The USDA just released a report that stated Honolulu is the second most expensive place to raise a child. The only real surprise here is the fact that Honolulu wasn’t ranked the MOST expensive place to raise a child. Honolulu trailed only New York City. We all know that raising a child in Hawaii is very costly, but the actual numbers that have been put together are very eye opening.
According to the USDA report, a child born in 2013 will cost a middle-income American family an average of $245,340 until he or she reaches the age of 18. This number does not include college expenses, nor does it take into account how much more it will cost if a child lives with you longer or comes back home to live after college.
What Costs Are Included: Food, housing, childcare and education – rose 1.8 percent over the previous year. As you can see, the report left out other varying info such as medical, dental, clothing and random things like purchase of a car for a child and entertainment amenities. Add all of that into the number above and you get an even more staggering amount.
When adjusting for projected inflation, the report found that a child born last year could cost a middle-income family an average of about $304,480.
The USDA’s annual report, based on the government’s Consumer Expenditure Survey, found families were consistent in how they spent their money across all categories from 2012 to 2013. The costs associated with pregnancy or expenses accumulated after a child becomes an adult, such as college tuition, were not included.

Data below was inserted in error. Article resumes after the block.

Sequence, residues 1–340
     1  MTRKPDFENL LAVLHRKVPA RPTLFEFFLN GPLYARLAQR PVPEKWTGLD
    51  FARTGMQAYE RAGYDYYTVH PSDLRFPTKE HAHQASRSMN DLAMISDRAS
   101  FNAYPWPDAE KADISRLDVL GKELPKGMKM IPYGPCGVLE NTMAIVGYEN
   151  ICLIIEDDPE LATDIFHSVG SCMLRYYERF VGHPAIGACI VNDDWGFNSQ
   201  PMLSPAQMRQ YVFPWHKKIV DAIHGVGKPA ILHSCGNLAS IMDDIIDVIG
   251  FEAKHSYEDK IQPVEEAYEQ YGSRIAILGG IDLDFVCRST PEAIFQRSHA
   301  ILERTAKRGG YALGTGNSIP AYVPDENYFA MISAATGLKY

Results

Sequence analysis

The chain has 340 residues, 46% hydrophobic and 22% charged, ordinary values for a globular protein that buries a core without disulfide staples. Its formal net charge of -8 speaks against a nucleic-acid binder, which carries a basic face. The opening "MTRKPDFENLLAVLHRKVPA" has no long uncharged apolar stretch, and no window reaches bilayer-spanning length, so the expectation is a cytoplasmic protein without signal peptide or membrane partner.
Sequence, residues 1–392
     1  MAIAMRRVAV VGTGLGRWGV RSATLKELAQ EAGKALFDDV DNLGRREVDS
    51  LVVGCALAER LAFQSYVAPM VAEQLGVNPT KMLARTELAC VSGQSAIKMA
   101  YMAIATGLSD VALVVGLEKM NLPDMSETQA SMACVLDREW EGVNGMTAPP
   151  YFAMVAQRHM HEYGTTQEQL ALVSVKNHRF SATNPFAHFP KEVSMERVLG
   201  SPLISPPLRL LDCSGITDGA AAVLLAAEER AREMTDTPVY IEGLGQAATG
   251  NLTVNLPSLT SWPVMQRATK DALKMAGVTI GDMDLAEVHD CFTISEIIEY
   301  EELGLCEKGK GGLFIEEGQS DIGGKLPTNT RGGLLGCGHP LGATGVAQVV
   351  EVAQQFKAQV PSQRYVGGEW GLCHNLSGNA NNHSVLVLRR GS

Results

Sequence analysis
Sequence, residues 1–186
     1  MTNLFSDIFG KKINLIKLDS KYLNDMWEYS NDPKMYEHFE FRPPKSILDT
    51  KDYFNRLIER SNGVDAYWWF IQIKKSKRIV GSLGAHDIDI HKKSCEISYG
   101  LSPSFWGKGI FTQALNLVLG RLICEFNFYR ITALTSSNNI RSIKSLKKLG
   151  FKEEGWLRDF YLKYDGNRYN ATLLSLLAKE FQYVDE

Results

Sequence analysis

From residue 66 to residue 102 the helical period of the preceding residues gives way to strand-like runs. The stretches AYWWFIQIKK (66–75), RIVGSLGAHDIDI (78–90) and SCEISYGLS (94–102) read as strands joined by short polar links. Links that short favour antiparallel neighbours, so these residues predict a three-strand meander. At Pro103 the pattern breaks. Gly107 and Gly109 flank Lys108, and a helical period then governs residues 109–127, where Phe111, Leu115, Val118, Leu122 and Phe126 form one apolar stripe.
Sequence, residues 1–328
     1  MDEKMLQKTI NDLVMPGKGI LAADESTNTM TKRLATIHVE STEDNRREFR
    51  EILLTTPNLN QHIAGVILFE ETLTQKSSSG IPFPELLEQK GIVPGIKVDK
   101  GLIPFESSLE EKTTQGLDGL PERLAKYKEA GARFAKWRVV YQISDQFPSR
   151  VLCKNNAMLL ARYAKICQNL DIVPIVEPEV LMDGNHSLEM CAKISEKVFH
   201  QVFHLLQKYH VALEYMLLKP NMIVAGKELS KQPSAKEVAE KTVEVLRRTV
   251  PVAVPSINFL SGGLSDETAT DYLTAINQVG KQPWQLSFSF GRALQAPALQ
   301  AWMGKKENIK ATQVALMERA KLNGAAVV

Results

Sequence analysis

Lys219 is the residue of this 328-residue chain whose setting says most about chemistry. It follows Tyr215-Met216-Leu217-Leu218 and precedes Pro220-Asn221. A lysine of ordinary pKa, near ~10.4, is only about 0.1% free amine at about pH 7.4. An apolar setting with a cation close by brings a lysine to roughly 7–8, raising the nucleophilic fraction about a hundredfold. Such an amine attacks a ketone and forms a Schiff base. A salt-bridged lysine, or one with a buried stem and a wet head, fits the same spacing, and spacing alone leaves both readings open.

Since 1960: In 1960, the first year the report was issued, a middle-income family could spend about $25,230, equivalent to $198,560 in 2013 dollars, to raise a child until the age of 18. Housing costs remain the greatest child-rearing expense, as they did in the 1960s, although current-day costs like childcare were negligible back then.
Decrease Expenses: Expenses per child decrease as a family has more children, the report found, as families with three or more children spend 22 percent less per child than families with two children. That’s because more children share bedrooms, clothing and toys, and food can be purchased in larger, bulk quantities.
Even if you do have more than two children the amount is staggering. The fact of the matter is that if you love in Hawaii, or want to live in Hawaii, then you will pay an astounding amount of money to raise a child.
You want paradise? You got it…but it will cost you. Interesting side note, Hilo also made it into the top five, coming in as the fifth most expensive place to raise a child.